If you’re looking for remote along Florida’s coastlines, Little St. George Island should be on your bucket list, with over 9 miles of undeveloped beach only accessible by boat. Located seven miles south of the town of Apalachicola, Florida, the island is separated from St. George Island by Sikes Cut, a man-made pass dredged in 1954, and St. Vincent Island by West Pass, a natural inlet into Apalachicola Bay. An overnight stay at one of the lightly-used primitive campsites is almost a must to make the most of your visit, since the island offers boating, kayaking, fishing, hiking, primitive camping, wildlife viewing, and shelling opportunities.
Location: Little (Cape) St. George Island
Length: 3.3 miles
Lat-Long: 29.603103,-85.049676 (Marshall House dock and field station)
Fees / Permits: none
Difficulty: Easy to Moderate
Bug factor: Moderate
Little St. George Island is only accessibly by boat. Apalachicola Bay and the Gulf of Mexico can be challenging for smaller boats as well as kayaks and canoes. Use good judgement when choosing to cross the bay, and carefully consider tides, winds, and potentially severe weather. Visitors may tie up their boats to the wood docks near the Marshall House at their own risk.
Many boat launches can provide access to Little St. George Island, including public ramps at Indian Pass, Battery Park in Apalachicola, and on St. George Island. Boaters will need to travel between 9-13 miles in order to reach the Island Ridge Trail, near the center of the island and the Marshall House Field Station. Another good option is to book a day trip with a local outfitter.
West Pass, Marshall House dock and field station, and Sike’s Cut are the three main access points to the island, from which the trails are easily explored. Most roads, trailheads, and trail junctions on the island are named and marked with wood “street” signs.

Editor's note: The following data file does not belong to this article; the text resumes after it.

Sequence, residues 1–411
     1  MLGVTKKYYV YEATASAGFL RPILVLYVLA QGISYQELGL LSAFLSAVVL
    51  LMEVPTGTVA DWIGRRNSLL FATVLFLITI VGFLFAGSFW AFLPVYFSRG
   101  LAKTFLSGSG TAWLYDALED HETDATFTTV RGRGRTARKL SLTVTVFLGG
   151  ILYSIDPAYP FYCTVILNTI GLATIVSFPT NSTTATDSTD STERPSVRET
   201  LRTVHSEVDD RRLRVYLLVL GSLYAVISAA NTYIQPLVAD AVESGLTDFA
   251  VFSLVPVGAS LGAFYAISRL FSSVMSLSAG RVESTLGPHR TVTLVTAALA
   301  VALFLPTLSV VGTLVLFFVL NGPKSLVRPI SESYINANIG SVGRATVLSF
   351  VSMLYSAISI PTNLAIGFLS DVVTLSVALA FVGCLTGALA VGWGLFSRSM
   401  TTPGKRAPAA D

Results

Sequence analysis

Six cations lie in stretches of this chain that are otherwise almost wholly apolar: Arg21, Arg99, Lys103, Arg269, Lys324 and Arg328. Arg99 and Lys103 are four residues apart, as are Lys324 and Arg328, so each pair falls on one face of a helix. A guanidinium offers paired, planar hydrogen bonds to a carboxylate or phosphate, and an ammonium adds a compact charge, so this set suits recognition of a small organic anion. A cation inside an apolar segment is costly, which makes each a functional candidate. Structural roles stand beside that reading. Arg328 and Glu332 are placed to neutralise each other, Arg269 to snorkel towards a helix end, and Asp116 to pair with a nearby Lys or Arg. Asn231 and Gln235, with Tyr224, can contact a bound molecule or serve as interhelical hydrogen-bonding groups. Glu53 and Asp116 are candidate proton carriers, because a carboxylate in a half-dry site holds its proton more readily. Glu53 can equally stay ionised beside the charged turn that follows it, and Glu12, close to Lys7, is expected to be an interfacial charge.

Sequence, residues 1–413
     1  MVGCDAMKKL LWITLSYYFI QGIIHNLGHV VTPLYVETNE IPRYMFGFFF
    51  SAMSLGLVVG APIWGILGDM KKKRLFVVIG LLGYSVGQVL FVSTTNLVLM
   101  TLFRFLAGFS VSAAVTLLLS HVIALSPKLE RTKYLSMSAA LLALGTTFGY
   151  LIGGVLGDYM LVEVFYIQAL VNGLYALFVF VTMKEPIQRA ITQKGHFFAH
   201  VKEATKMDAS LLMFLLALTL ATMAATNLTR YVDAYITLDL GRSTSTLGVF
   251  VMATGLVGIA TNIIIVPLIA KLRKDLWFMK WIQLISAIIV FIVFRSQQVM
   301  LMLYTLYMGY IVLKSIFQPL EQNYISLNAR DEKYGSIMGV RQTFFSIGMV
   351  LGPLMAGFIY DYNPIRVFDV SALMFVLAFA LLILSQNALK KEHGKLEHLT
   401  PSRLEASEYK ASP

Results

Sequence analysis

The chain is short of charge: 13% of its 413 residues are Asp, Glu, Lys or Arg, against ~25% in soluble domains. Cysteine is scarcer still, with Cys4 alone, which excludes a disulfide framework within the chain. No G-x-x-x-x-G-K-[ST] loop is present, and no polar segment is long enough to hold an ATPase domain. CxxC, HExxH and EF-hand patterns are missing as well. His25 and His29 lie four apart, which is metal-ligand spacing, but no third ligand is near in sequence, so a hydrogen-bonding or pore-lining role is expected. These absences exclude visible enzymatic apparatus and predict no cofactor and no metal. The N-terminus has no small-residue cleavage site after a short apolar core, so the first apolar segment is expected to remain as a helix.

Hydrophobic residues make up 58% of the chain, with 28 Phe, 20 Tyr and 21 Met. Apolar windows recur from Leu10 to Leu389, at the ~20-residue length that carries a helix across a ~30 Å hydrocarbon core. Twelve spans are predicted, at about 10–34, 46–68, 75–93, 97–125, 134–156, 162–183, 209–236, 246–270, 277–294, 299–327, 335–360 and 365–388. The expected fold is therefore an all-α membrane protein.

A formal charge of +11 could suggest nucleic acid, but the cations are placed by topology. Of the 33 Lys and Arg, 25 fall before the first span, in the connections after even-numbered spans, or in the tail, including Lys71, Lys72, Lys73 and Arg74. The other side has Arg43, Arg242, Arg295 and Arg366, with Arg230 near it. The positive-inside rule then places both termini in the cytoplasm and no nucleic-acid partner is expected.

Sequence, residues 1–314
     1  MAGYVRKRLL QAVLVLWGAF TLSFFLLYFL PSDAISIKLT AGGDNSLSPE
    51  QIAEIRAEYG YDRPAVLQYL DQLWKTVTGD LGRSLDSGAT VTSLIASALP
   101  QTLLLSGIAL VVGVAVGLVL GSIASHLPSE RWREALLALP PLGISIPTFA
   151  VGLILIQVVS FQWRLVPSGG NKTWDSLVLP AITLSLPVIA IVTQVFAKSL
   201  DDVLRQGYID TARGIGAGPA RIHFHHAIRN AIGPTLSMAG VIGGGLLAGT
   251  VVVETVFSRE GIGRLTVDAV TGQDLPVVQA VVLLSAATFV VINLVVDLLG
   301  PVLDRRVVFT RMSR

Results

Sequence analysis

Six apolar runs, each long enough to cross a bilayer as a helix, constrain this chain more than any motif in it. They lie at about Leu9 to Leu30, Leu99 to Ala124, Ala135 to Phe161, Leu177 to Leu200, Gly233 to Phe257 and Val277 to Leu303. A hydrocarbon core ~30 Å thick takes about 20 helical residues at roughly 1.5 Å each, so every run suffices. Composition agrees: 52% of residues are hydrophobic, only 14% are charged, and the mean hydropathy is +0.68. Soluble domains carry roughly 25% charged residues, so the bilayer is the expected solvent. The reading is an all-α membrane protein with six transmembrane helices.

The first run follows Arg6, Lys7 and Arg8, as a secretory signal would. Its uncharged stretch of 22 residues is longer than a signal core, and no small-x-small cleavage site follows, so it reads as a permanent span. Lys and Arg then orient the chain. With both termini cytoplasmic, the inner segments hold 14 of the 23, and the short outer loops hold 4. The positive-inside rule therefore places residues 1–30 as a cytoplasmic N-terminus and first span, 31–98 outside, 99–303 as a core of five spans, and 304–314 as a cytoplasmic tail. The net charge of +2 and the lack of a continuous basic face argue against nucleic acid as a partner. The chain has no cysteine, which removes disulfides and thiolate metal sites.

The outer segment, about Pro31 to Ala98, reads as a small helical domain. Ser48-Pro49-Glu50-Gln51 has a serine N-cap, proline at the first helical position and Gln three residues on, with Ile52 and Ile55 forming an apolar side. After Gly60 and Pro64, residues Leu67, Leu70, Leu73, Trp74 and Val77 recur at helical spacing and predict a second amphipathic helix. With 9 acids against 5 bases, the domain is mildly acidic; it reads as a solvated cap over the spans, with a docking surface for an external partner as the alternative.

At the very west end of the island at West Pass at the large kiosk, visitors can look across the natural inlet to see the cabin on St. Vincent National Wildlife Refuge. A short trail (0.2 miles, blazed red) gives access to two primitive campsites in the dunes and pines. From West Pass, the center of the island is about a 4 mile walk on the beach.
The east end of Little St. George Island is an ideal place to fish from shore or on the jetties, or by boat and kayak. A 0.2 mile trail connects the information kiosk at the near the jetties to Sike’s Cut Trail as well as to two primitive campsites. An easy but unshaded 1.6 mile loop (blazed red) can be made by hiking both Sike’s Cut Trail and the Gulf beach. Beachgoers wearing sandals should exercise caution when using the trails here because of poison ivy, briars, sand spurs and cacti.
Explore the center of the island via its sand roads and trails. From Marshall Dock, take either Short Road (0.75 miles) or Long Road (1.2 miles) south for direct access to the Gulf Beach. Both roads are made up of soft sand, so carrying beach gear or coolers may be a workout! The primitive Island Ridge Trail extends west (1.2 miles, blazed red) from the Short Road and eventually meets up with Old Bay Road (1.1 miles) at the bayshore to make a moderate 3.3 mile loop from Marshall House, per the mileage chart below. Just east of Marshall House, two primitive campsites are available at the Government Dock area as well as along a trail that meanders about 1 mile to the beach. Chances are the only other footprints you’ll see on at these designated campsites are the prints of raccoons, tortoises, coyotes, and lizards.
Island Ridge Trail is appropriately named as it meanders through the scrubby, parallel dune ridges stacked along the middle portion of the barrier island. This part of the island is a mini version of the more complex dune and swale system found on its neighbor to the west, St. Vincent Island. A little over two-thirds down the Island Ridge Trail is one of the higher elevations (just over 21ft) on the island. This vantage point allows views of both Apalachicola Bay and the Gulf between the slash pines and cabbage palms.
Many thanks to Caitlin Snyder, Stewardship & GIS Specialist with the Apalachicola National Estuarine Research Reserve, part of FDEP’s Florida Coastal Office, for providing this hike.